The Wasp’s major flaw? She was the team’s equivalent of the village bicycle, having affairs with not only Pym but Iron Man, Paladin and Hawkeye (who’s a bit of a man-slut himself). And those she didn’t sleep with, she lusted after.
Quote (Ms. Marvel to the Wasp, who is checking out a teammate during battle): “Focus on the monsters, you unbelievable tramp!”
5. Spider-Man: Assuming the Avengers are supposed to be “the word’s mightiest heroes,” you’d think Marvel would have made its most popular character a member early on. But although they flirted with the idea as early as the 11th issue, Spidey didn’t become a full-fledged member until 2005. Of course, he’s now one of the most popular characters in the Avengers franchise. And who else can call Wolverine “Mr. Stabby” and get away with it?
Quote: “I must admit, beating the living snot out of you was a great honor.”
JARVIS’ RUBBISH PILE
1. Hank Pym: As Ant-Man, Hank Pym was a founding Avenger. He served on three Avengers teams, sometimes as team leader. He was even headmaster of Avengers Academy, which trains young superheroes.
So why is Hank Pym on the “worst” list? Because he’s a whiny, mentally unhinged jerk whose biggest scientific accomplishment was creating Ultron, an evil robot who wants to destroy the Avengers and kill all humans. He’s had six different personas, and is constantly changing back and forth between them to assuage his ego.
Pym’s wife, the Wasp, finally left him after he beat her, and he was kicked out of the Avengers shortly thereafter for screwing up in battle and then trying to fix his court-martial. As if that weren’t enough, he actually thinks he’s the smartest guy around — he even calls himself “the scientist supreme.”
Quote: “I’ve lost count of the number of times I’ve tried to retire from the business.”
2: Dr. Druid: He was only an Avenger for about a year, but during that time, Druid (yes, he wore a robe) managed to let his over-the-top egotism lead to his being mind-controlled by a super-villain, resulting in the death of one Avenger, the near-death of another, and the dissolution of the team. Thankfully, he was killed shortly thereafter, and his body was dumped in a garbage bin. No kidding.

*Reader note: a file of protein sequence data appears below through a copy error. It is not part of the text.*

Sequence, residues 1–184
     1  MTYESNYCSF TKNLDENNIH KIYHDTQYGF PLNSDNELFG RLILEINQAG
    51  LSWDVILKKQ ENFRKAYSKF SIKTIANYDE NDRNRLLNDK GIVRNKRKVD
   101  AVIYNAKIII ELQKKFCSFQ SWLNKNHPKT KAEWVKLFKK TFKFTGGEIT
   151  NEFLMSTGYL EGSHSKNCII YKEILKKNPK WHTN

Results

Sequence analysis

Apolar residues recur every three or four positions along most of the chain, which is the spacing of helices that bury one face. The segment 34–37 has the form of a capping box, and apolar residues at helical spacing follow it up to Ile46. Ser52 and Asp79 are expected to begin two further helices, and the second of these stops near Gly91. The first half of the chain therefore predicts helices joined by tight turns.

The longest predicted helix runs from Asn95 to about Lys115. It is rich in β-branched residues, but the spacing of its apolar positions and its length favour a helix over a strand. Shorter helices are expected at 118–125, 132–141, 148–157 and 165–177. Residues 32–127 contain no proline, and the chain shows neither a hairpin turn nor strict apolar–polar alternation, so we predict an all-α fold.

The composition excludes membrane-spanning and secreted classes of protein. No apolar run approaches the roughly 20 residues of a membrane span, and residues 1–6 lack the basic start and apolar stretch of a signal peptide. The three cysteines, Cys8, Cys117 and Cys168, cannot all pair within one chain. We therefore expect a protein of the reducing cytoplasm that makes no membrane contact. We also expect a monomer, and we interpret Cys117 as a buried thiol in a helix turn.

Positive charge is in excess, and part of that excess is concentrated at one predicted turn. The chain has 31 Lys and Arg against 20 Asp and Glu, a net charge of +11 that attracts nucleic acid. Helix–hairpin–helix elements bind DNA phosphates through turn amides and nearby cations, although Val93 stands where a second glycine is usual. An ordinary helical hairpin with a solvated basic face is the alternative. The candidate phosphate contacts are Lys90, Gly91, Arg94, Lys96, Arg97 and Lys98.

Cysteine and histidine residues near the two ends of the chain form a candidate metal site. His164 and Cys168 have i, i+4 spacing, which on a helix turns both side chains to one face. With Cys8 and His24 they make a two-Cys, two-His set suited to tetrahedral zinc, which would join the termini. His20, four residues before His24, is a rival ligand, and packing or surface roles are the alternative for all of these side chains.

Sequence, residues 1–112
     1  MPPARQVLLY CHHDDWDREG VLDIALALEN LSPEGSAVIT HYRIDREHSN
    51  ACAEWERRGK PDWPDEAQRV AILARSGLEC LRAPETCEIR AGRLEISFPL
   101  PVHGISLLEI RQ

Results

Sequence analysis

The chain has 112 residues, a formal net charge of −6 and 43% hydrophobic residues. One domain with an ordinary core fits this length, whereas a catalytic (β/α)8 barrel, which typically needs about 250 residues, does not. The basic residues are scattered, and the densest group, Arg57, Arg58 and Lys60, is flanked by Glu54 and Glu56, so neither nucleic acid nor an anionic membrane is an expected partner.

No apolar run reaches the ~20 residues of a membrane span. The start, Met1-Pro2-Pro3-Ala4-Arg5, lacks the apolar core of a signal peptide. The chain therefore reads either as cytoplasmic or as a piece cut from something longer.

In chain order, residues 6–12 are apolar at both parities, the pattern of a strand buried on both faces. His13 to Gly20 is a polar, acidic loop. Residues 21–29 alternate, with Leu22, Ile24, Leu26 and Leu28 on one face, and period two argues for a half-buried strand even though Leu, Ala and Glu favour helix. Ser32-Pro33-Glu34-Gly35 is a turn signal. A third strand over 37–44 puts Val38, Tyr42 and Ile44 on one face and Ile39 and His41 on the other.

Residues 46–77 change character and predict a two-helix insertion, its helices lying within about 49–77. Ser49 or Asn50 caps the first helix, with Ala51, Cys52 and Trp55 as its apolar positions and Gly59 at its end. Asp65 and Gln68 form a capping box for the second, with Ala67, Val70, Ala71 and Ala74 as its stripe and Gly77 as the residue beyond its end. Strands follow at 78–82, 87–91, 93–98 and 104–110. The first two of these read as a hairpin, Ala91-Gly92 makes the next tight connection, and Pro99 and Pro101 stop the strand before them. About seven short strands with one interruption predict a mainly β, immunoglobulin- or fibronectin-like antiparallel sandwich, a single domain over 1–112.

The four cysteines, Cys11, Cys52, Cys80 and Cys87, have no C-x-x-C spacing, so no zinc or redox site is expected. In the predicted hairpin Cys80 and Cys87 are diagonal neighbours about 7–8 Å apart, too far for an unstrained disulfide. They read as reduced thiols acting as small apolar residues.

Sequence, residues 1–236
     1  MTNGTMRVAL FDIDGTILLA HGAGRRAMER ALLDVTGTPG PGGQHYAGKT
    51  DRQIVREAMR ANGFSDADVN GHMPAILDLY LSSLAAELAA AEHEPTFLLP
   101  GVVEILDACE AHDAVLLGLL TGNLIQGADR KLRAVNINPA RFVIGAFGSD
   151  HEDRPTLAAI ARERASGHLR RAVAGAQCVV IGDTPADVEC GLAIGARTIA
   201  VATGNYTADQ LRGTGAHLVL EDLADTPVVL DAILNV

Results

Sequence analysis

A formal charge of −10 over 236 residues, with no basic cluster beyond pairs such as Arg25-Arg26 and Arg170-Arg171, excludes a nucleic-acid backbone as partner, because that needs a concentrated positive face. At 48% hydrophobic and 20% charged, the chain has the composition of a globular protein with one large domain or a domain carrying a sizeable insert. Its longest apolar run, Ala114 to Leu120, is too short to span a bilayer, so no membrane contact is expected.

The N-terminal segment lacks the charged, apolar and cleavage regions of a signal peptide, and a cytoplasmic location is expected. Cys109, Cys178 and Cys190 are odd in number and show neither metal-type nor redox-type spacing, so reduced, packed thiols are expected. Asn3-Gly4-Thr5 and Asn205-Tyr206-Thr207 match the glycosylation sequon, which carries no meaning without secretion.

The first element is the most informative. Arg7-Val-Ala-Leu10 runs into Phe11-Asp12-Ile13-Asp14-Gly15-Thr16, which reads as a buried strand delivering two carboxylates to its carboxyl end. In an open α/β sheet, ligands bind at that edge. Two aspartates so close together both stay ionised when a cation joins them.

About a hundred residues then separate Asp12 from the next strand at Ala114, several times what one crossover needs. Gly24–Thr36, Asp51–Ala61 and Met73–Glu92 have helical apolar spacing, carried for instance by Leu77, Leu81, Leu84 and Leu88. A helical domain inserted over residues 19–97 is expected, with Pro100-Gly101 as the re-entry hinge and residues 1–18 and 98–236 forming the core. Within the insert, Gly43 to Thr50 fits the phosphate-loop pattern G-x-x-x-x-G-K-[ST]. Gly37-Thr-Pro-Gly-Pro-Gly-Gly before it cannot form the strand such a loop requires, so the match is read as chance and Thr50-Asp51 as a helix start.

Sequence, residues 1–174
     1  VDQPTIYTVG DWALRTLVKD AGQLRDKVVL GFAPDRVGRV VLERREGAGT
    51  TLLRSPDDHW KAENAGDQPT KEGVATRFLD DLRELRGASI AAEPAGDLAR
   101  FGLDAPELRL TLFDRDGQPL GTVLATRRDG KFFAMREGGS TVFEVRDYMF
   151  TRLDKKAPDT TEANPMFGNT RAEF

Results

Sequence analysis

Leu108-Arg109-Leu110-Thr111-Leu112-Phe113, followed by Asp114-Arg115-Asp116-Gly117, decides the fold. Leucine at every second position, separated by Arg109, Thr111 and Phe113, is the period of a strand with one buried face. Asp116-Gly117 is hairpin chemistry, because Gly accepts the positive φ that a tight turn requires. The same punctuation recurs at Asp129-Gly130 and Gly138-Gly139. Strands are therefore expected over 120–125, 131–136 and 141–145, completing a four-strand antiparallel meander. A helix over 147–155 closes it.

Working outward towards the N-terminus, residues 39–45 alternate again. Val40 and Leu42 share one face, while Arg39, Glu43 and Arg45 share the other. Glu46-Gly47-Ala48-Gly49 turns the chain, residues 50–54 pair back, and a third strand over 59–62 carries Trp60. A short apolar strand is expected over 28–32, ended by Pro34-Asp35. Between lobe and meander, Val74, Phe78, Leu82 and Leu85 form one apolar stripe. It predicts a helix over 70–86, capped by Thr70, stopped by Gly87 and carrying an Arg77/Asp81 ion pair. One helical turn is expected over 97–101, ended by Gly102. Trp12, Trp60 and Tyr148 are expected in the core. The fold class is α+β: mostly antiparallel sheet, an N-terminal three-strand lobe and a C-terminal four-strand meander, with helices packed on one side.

Quote (Yellowjacket to Dr. Druid): “I know you. You’re a $%#.”
3. Deathcry: Blame this one on poor writing. At first, Deathcry was a ruthless warrior from another galaxy who was sent to Earth as punishment for killing someone in a bar brawl. But it wasn’t long before the geniuses at Marvel decided she would be a draw for the youth market if she talked like a Valley Girl and slept with a stuffed animal. Yeah, that’s what ruthless warriors do.
Quote: “Some dude’s creating a living solar system and setting himself up as its sun!”
4. Thunderstrike: He was like Thor, but with a mullet and sunglasses. Oh, and he had a hammer, which was also named Thunderstrike. Anyway, he was the replacement Thor when Thor was turned into a frog, and he got his powers after he was almost killed by a villain named Mongoose. Now you know why Marvel almost went bankrupt.
Quote: “The glare here is as bad as I thought! I’m glad I brought shades!”
5. Gilgamesh: An immortal whose alias was “The Forgotten One,” Gilgamesh was beaten into a coma after only seven issues, and was later killed by Iron Man. Immortal? Not so much. Forgotten? Hopefully.
Quote: “If you have need of a hero, I am told that the time for one has long passed!”
Deputy Managing Editor Rod Harmon may be contacted at 791-6450 or at: